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Social Welfare

How Much Should Welfare Cost?

The Welfare Society is built on the principle that everyone should contribute to the welfare of everyone. This includes social insurance, benefits to individuals at different times of life (like child subsidies) or in difficult situations (such as illness).

Family policies (such as child allowances and parental leaves) cost around 9 billion dollars a year. Sick leave costs 17 billion dollars a year. All of the parties support the welfare model, but the opposition Alliance wants to make it less expensive.

The government and its allies (Left and Green parties) have raised the ceiling for both parental leave and sick leave from July 1. They’ve also introduced a new benefit for parents who don’t live with their children. But on other points the three parties disagree:

The Greens want to extend parental leave from 13 months to 18, with one-third allocated to each parent (to encourage fathers to use the benefit more than at present).

The Left goes even farther and wants to mandate a 50-50 division of the parental leave. (Both the Greens and Left want both parents to be home during the child’s first month.)

The Social Democrats want to keep the current system, with 2 months mandated to each parent.

The Left wants to remove the current zero compensation on the first day of sick leave.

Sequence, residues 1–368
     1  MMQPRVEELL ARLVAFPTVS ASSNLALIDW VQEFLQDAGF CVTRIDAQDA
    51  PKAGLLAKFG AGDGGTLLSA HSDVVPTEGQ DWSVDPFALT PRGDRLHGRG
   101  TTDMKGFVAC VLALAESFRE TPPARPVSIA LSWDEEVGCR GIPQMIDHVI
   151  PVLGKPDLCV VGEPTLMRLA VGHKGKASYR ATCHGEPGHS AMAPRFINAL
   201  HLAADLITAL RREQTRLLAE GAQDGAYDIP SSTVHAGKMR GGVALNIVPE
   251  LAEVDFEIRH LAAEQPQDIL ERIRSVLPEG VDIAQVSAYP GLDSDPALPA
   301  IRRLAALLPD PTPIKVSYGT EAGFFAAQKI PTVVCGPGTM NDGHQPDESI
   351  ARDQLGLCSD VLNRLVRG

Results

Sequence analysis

The Social Democrats and the Left want to raise the ceiling for unemployment compensation. The Greens do not.


The Alliance has no common position on social insurance. But all four parties are against raising the ceiling on sick leave.

In August the Alliance also reached agreement on several important issues concerning family policies. They want to introduce a municipal benefit of 4000 kronor a month for parents who stay home with pre-school aged children, rather than sending them to public daycare.

Sick leave: The Conservative Moderates, Christian Democrats, and Center want the second day of each illness to also be without compensation, and lower compensation for the other days. The Liberals want to lower the ceiling in 2007 and raise it again in 2008, and are against introducing a second day without compensation.

Parental leave: The Conservative Moderates have accepted keeping the current 13 month leave, the obligatory months for fathers, and the 80 percent of salary benefit level. The party still wants to reduce taxes for the parent who earns least.

The Liberals want to raise the benefit to 90 percent for as much of the period as both parents use equally. The Center wants a higher ceiling, and the Christian Democrats want to raise the minimum benefit.

Children: The Liberals want a “Child Account” of around 5000 dollars a year, The Liberals and Center want childcare vouchers, the Christian Democrats want municipal childcare benefits (which housewives collect for staying home with their children instead of working and sending them to daycare), and another kind of benefit called “children’s days” paid out after parental leave ends.

The Alliance has reached agreement on:

  • Participation in union unemployment compensation schemes shall be obligatory and more expensive, conditions for collecting shall be more restrictive, and compensation will be reduced after nine months
  • Employers shall have the right to demand a doctor’s certificate from the first day of sickness
  • Early retirement compensation will be reduced
  • Care after a traffic accident will not be paid for by the regular sickness insurance, but from private traffic insurance

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